Getting to know CircuitPython

CircuitPython is a programming language based on Python, one of the fastest growing programming languages in the world. It is specifically designed to simplify experimenting and learning to code on low-cost microcontroller boards.

CircuitPython is easiest to use within the Mu Editor. If you haven't previously used Mu, this guide will get you started.

Why Use CircuitPython?

CircuitPython allows for a certain level of flexibility that cannot be achieved in MakeCode, so for more experienced users it can be a natural next step after MakeCode.

The example code here allows you to include custom audio files, one of which will play when the piñata is hit, and another that plays when the piñata dispenses candy.

Detailed instructions on how to create your own audio files can be found here.

Preparing your Board

To get your Circuit Playground Express set up to run this code, follow these steps:

1) Install the latest CircuitPython for CPX from CircuitPython.org. For this guide, please use version 4.0.0 or greater. Version 3.1.2 is not as efficient on memory and may give an error.

2) Get the latest 4.0 library pack, unzip it, and drag the library folder adafruit_motor over into the /lib folder on CIRCUITPY. If there is no lib directory, create one to put the file into. (More info on installing libraries, read information here.)

Find the adafruit_motor library in the library pack 

Drag to the lib folder in the CIRCUITPY drive

Uploading

Make sure you've connected the Circuit Playground Express to your computer (mac/PC/Linux) via a known good USB A to micro-B cable. Your board should show up as a flash disk drive named CIRCUITPY (If you see a disk name CPLAYBOOT, try pressing the reset button again. If the only drive name you get is named CPLAYBOOT, CircuitPython may not be loaded on the board. You can load CircuitPython as per this guide).

Once your board is connected, copy code.py from the window below and paste it into Mu. Press the Save button and your code should automatically be saved to the CIRCUITPY disk drive (which appears when the Circuit Playground Express is plugged into your computer) as code.py

# Circuit Playground Express Piñata by Dano Wall for Adafruit Industries
# CircuitPython code by Anne Barela for Adafruit Industries, MIT License
import time
import random
import board
import pwmio
from adafruit_motor import servo
from adafruit_circuitplayground.express import cpx

# create a PWMOut object on CPX Pin A1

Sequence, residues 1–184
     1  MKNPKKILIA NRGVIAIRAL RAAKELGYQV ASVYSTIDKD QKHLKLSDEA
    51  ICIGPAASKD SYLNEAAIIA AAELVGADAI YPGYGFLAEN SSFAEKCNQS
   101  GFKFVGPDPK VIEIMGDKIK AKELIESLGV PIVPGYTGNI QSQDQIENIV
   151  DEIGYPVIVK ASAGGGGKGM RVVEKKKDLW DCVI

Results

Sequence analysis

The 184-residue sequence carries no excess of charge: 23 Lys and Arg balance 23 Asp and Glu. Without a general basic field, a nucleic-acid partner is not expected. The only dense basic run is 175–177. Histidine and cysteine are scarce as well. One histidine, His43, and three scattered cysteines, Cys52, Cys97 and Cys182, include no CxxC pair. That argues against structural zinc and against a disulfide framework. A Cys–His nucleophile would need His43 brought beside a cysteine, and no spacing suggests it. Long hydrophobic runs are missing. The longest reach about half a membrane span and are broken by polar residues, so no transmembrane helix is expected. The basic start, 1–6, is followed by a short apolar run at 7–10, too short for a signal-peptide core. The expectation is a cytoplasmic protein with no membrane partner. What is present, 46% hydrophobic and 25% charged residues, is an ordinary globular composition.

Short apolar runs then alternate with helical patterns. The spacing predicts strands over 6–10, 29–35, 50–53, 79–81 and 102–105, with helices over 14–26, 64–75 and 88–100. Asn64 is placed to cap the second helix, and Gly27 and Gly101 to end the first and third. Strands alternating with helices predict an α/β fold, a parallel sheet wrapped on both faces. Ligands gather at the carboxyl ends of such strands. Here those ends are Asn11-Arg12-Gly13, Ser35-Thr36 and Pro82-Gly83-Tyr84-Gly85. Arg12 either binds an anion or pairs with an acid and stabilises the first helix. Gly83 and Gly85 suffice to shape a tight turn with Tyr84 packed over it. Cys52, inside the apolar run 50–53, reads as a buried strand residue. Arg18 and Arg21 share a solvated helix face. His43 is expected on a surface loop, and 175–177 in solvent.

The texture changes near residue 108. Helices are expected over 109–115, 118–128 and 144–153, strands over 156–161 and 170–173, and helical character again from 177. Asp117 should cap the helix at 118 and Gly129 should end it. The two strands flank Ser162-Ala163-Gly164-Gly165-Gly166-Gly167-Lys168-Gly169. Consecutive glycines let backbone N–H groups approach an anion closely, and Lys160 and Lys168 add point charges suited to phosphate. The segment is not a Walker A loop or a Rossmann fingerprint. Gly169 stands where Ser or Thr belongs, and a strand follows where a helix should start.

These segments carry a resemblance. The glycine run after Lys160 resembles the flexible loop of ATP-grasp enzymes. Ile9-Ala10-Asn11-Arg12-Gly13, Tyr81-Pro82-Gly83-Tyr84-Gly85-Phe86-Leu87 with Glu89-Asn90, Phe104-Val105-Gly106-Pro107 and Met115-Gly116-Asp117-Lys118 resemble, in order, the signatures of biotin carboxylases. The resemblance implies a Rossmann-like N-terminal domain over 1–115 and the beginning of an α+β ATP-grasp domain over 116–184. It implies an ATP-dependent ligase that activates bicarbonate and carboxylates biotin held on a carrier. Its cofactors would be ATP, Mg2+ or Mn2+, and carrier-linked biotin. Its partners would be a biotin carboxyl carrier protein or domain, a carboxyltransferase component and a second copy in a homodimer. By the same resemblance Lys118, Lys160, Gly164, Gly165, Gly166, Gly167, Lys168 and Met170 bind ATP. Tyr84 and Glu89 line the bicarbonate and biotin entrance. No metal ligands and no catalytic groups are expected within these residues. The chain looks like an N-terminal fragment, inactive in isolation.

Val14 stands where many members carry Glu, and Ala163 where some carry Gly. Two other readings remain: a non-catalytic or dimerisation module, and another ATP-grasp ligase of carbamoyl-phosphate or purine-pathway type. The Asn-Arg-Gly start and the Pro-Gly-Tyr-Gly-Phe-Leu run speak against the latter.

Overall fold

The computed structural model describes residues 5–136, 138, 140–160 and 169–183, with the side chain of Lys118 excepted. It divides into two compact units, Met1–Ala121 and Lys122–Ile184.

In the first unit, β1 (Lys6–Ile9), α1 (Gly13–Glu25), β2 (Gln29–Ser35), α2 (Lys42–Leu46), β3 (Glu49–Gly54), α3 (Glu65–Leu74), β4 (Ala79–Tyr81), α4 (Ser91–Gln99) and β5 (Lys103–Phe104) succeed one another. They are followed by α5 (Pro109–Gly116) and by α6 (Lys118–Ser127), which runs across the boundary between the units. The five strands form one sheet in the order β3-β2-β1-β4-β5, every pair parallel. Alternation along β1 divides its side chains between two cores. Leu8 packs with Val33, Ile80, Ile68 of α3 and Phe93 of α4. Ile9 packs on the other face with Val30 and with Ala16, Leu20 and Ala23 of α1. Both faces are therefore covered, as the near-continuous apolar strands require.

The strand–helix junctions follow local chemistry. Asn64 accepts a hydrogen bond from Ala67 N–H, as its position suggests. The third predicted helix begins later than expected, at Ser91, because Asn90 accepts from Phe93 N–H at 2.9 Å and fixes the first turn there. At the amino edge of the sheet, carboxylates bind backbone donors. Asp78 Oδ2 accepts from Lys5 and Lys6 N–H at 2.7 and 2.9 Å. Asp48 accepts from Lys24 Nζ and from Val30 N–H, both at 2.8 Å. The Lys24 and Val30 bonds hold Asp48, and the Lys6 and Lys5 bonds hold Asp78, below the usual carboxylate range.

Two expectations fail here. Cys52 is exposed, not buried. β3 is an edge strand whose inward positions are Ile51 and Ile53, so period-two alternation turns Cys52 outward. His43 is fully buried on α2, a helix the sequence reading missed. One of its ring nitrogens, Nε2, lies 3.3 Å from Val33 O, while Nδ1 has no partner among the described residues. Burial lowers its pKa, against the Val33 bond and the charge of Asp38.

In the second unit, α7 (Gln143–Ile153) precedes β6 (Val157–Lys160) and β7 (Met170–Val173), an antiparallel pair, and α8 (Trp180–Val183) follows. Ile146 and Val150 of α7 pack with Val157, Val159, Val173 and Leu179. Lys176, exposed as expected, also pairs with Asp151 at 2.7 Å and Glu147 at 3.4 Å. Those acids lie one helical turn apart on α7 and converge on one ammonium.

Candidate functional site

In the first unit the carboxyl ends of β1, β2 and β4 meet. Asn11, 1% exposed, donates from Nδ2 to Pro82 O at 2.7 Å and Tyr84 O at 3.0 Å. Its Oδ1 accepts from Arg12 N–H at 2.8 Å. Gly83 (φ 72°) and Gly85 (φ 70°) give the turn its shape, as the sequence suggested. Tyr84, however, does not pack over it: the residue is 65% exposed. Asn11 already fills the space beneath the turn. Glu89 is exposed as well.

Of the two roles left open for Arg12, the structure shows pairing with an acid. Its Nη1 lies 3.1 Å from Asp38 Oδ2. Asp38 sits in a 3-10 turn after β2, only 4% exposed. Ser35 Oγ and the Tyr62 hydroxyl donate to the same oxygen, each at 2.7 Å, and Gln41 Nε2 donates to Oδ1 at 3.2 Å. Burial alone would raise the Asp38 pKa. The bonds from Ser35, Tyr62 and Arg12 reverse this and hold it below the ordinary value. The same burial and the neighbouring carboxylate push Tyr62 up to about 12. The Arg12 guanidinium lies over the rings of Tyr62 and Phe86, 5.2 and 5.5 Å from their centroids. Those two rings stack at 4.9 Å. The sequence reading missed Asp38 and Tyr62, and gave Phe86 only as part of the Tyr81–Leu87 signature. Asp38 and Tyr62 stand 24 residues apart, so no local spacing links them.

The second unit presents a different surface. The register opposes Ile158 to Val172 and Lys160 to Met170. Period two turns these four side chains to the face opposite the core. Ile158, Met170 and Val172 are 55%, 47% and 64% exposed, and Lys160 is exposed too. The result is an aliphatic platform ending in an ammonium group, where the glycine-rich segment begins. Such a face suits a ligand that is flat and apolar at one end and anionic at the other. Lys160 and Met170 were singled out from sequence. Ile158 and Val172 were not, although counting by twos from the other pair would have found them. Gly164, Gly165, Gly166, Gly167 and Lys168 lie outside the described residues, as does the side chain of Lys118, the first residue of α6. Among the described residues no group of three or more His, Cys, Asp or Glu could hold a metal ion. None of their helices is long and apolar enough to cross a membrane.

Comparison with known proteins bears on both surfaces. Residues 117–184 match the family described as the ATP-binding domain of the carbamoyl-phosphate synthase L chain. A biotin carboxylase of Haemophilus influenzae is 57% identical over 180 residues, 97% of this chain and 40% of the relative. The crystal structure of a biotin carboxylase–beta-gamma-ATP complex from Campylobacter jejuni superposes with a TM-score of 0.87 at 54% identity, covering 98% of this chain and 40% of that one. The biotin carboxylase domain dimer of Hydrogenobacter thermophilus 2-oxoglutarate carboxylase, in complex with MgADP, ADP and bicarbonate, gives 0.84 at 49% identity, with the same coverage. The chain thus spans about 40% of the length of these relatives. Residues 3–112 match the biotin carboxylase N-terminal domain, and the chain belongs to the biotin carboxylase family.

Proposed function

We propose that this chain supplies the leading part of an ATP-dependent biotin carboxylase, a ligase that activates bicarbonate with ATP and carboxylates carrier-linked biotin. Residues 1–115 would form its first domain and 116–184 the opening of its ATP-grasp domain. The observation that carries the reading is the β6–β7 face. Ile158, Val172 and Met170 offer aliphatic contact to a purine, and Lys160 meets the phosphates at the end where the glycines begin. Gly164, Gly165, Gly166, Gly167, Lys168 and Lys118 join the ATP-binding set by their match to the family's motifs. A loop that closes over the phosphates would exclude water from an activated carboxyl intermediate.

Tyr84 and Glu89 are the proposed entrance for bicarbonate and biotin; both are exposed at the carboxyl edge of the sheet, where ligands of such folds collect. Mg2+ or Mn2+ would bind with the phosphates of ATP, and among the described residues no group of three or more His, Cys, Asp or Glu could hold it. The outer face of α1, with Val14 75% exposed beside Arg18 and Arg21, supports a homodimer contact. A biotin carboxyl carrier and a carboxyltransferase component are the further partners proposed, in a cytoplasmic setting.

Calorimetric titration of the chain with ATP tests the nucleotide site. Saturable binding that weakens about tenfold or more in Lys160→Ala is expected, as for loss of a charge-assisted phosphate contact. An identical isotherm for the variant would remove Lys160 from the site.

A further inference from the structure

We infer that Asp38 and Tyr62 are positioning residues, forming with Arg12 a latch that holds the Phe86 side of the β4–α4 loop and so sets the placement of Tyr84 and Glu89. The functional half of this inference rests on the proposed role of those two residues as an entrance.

pwm = pwmio.PWMOut(board.A1, frequency=50)
# Create a servo object cpx_servo
cpx_servo = servo.Servo(pwm)

hits = 0
max_hits = random.randint(3, 10)
cpx.detect_taps = 1  # Detect single taps
cpx_servo.angle = 0
cpx.pixels.fill((0, 0, 0))  # All NeoPixels off

while hits < max_hits:
    if cpx.tapped:
        print("Hit!")
        hits += 1
        cpx.pixels.fill((255, 255, 255))  # All White
        cpx.play_file("hit.wav")
        time.sleep(1.0)  # Wait time in seconds
        cpx.pixels.fill((0, 0, 0))  # All off
    time.sleep(0.1)

# Hits Reached, Payout!
print("Release!")
cpx.pixels.fill((0, 255, 0))  # All green
cpx.play_file("candy.wav")
cpx_servo.angle = 180
print("Press Reset or power cycle to reset device")
while True:
    pass     # Infinite loop, press Reset button to reset
Make sure the file saved to CIRCUITPY is named "code.py", this will allow it to run automatically when your CPX is powered on.

Piñata Sounds

Click on the green buttons below to upload the two sound files used in this project:

The sound clips used in this project have been trimmed and edited from the following free audio files:

If you'd like to change the sounds your piñata makes, more audio clips can be downloaded from sites like http://soundbible.com/ or https://freesound.org/

You will need to convert the files to the appropriate format for microcontroller use. See this guide on how to do that.

When you have a file converted, you can name it either hit.wav or candy.wav and drag it onto your CIRCUITPY drive to have it play when the piñata is hit or to announce the dispensing of candy.

Directory View

When you have all the files on your CIRCUITPY drive, you should have the files shown below. The lib folder is in the main directory, the adafruit_motor folder in the lib directory and the py/mpy files in the adafruit_motor directory.

Troubleshooting

Problem: I don't hear any audio!

Solution: If you're creating your own audio files, make sure they are all exported as 16-bit PCM WAV at 22,050 Hz and they are should be Mono.

 

Problem: My Circuit Playground Express isn't recognized by Mu!

Solution: Make sure your board is set up with CircuitPython, which has the Circuit Playground Express show up as a flash drive named CIRCUITPY when you connect the CPX to your computer. If it is showing up as CPLAYBOOT on your computer, you can follow the steps in this guide to ensure CircuitPython is loaded and you see the CIRCUITPY drive.

More CircuitPython Projects!

If you enjoy programming in CircuitPython and want to continue learning you can check out more CircuitPython projects on the Adafruit Learn System.

This guide was first published on Apr 11, 2019. It was last updated on Apr 11, 2019.

This page (CircuitPython Code) was last updated on Oct 21, 2021.

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